Articles by Greg Pepus
Speaking in tongues, Part 2:
Foreign language KM technologies
This article is the second of a two-part series on foreign language knowledge management technologies that can help you meet those foreign language challenges. In the first article (in the July/August 2007 issue of KMWorld), I focused on foreign language tools to support unstructured text mining software, which provides users with natural language processing, language identification, transliteration and name normalization capabilities.
Beyond enterprise portals
Enterprise portals are a dead end. But before you start throwing daggers, stop and think about the reason we have enterprise portals in the first place. Web browsers (aka thin clients) don't have the programmatic sophistication to support the complex business logic, content management, security and integration features necessary to build sophisticated desktop quality applications. Enterprise portals work better than Web browsers alone, but have also failed to deliver desktop quality applications. If we have to move beyond the enterprise portal, what if we went back to the Web browser?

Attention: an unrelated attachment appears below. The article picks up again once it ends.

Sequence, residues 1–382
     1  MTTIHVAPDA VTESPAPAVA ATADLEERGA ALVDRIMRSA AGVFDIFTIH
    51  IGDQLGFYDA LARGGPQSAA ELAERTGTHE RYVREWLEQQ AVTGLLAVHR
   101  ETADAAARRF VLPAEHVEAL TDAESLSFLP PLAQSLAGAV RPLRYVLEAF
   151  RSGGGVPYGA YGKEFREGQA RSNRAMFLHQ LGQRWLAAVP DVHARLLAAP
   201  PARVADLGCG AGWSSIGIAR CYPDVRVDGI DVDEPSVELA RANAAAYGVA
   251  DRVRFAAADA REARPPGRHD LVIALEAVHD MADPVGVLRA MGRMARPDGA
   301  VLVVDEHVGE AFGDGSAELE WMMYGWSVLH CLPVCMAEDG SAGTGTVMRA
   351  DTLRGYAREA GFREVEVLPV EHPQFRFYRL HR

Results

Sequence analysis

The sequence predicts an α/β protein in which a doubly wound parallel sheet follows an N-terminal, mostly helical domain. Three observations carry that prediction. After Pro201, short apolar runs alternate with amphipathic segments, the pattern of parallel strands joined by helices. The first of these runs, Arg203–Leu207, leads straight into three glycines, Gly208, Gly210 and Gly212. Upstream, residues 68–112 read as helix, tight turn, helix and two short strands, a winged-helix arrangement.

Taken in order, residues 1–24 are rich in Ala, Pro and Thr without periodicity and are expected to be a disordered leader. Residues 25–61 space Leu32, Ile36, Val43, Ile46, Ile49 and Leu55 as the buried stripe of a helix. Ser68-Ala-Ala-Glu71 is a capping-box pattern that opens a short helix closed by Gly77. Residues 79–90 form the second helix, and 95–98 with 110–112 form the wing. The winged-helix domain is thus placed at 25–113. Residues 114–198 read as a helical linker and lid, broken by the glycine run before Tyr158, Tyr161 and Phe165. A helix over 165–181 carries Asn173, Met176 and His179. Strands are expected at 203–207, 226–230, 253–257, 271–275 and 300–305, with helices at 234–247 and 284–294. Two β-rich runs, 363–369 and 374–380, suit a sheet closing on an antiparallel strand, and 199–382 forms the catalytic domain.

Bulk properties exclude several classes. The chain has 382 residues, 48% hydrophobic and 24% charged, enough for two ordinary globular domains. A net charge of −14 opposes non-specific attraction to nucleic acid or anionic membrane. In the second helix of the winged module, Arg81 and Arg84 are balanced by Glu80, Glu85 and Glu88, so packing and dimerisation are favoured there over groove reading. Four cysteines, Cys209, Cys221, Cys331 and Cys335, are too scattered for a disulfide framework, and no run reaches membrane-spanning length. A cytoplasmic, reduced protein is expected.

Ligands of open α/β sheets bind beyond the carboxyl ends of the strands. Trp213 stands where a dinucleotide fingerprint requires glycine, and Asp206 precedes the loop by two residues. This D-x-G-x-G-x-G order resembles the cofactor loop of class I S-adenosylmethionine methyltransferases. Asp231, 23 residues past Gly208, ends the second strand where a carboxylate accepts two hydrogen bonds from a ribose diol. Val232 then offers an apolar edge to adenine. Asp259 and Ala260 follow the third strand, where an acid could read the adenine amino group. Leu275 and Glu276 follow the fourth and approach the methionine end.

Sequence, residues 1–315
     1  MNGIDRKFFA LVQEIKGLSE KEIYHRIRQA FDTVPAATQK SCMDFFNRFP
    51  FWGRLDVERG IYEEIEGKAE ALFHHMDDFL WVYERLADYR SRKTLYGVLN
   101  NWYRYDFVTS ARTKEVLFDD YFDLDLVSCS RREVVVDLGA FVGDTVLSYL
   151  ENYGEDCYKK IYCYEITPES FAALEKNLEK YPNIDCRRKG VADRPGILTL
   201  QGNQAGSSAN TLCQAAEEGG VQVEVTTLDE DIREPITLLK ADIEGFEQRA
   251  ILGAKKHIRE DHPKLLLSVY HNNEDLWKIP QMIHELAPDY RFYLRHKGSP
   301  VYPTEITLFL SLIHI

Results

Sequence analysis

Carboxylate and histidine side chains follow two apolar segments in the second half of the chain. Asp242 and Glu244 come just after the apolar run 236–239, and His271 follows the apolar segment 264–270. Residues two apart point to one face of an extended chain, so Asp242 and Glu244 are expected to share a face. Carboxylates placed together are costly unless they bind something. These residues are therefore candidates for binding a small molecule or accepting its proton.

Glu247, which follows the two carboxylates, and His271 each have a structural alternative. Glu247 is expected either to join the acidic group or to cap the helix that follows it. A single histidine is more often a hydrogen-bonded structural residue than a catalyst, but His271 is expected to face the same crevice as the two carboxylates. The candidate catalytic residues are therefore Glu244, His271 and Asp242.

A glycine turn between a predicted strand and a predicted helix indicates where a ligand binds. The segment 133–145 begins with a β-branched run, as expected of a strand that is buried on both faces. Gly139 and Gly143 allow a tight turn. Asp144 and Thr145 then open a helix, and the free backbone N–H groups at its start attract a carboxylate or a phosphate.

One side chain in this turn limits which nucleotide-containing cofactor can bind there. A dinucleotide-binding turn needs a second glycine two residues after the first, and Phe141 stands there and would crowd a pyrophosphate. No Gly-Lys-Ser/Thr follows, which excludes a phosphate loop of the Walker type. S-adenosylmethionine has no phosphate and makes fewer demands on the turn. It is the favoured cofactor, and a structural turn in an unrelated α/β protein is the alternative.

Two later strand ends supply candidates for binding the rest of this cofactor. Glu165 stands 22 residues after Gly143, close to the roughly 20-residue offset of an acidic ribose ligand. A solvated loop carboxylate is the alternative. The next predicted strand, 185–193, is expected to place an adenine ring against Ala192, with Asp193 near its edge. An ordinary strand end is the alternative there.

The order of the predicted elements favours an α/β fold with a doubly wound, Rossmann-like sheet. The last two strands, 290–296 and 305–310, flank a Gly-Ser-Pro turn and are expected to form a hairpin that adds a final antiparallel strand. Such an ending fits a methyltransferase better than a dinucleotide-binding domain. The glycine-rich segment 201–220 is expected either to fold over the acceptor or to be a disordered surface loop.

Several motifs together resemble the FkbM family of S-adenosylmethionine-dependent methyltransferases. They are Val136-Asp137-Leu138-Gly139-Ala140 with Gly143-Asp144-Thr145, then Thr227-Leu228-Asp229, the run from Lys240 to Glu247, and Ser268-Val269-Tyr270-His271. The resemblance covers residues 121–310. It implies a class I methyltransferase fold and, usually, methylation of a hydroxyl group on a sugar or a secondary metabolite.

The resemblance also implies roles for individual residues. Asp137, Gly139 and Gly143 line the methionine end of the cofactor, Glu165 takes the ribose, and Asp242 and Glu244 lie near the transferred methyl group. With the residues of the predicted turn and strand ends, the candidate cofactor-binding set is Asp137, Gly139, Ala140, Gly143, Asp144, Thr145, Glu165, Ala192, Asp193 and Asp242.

Dreaming of KM services
I have a dream … about building composite knowledge management applications. In my dream, I open a Web browser and quickly pull together the KM application and data components I need in a real-time, customized fashion to do whatever business functions I have in mind. But is this just a dream?
Speaking in tongues: Foreign language KM Technologies
Recently, I was listening to a show on NPR about the current U.S. reconstruction efforts in Iraq and all the problems they’ve had, ranging from understanding the language to finding locations on a map. That got me thinking about the great foreign language support tools that I’ve worked with over the past six years.
Smart image and video search
As anyone who regularly works with computers can attest, mainstream recognition of visual images is not a computer’s strong suit—or at least not yet. There is extremely limited cognizance, understanding and automatic context available in the Web-based image search tools you and I use every day.
Connectors, mavens and salesmen—Human networks and relationships in KM
The world of super integration
Last summer, in a very quiet acquisition, Microsoft purchased a health intelligence software product called Azyxxi, which was the brainchild of Dr. Craig Feied, Dr. Mark Smith and Fidrik Iskandar of MedStar Health. That acquisition by Microsoft underscores the importance of “smart systems integration,” a phrase I use to describe “systems of systems” that perform exceptionally well together, are highly reliable and really change the way people work.
The KM integration challenge